Facebook law of unintended consequences

Regular people, police departments, companies and non-profits are increasingly using Facebook to communicate with the world at large.  In many ways Facebook is like having a free website that quickly disseminates information to people you want to reach.  Very powerful but this power comes with a price.

Here is an example:

This is an excellent article which outlines the issues that a school board faces by creating its own Fan page and posting information to it.  The article suggests if the school board makes the Fan page available to anyone, it could be considered a public forum.  If the school board allows for public comment to this page, it is possible that all kinds of content could get posted to the page from students, teachers, administration or concerned citizens.  The impact of this is that the school board will have to accept all kinds of opinion subject to the constitutional protections of the First Amendment.  They might have to hire a First Amendment attorney to assist them in determining content that they can remove because it doesn’t fall within the realm of First Amendment protections and content they can’t remove.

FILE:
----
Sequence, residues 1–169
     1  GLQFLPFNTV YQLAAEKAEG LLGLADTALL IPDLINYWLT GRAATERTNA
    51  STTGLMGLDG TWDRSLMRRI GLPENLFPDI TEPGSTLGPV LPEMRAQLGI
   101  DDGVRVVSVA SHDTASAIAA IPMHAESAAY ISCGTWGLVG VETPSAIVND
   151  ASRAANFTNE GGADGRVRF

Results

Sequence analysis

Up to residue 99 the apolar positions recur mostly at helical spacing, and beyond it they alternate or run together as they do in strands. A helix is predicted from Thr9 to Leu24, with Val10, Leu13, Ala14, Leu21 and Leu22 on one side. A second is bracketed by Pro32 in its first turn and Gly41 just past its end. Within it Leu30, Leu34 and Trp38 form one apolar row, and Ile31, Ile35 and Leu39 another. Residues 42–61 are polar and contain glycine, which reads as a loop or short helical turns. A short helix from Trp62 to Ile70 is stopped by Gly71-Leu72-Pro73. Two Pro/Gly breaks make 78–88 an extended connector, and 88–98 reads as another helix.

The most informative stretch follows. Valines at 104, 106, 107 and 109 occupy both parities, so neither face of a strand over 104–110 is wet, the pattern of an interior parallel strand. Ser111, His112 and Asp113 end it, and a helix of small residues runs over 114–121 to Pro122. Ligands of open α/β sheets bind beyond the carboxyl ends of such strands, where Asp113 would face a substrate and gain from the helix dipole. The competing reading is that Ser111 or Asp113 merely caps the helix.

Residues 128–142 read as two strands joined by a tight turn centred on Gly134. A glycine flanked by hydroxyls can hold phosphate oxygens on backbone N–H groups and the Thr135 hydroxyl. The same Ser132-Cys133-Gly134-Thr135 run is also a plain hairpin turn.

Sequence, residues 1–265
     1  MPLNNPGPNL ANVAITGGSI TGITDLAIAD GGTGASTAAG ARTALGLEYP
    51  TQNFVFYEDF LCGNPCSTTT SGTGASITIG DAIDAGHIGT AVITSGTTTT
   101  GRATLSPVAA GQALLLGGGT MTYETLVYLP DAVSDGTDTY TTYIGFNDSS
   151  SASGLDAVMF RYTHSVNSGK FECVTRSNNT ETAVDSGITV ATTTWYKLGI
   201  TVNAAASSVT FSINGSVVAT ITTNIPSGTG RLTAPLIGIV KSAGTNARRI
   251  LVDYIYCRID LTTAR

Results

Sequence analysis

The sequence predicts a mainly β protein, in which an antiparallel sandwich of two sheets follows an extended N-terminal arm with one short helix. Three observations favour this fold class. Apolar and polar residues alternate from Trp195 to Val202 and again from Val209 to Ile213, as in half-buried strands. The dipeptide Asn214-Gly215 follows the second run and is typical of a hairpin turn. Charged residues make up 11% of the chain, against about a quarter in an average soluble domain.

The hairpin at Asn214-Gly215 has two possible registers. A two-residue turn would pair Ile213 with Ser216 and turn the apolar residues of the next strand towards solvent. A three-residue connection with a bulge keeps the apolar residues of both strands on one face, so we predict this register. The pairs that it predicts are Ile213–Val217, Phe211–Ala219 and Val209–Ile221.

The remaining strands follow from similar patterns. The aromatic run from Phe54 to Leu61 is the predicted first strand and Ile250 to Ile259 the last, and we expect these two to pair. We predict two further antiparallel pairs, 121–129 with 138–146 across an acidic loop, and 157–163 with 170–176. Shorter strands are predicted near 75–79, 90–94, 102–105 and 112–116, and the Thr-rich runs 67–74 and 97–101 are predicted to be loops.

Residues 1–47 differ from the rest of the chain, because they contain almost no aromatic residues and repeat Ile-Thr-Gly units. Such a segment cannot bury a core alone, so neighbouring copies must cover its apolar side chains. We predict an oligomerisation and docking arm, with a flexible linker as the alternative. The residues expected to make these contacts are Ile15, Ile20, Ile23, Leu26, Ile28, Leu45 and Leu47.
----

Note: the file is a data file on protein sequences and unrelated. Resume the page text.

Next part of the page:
This “public forum” issue, where a public or quasi-public entity decides to create a Facebok Fanpage to share information could arise in many situations thereby triggering the Facebook law of unintended consequences

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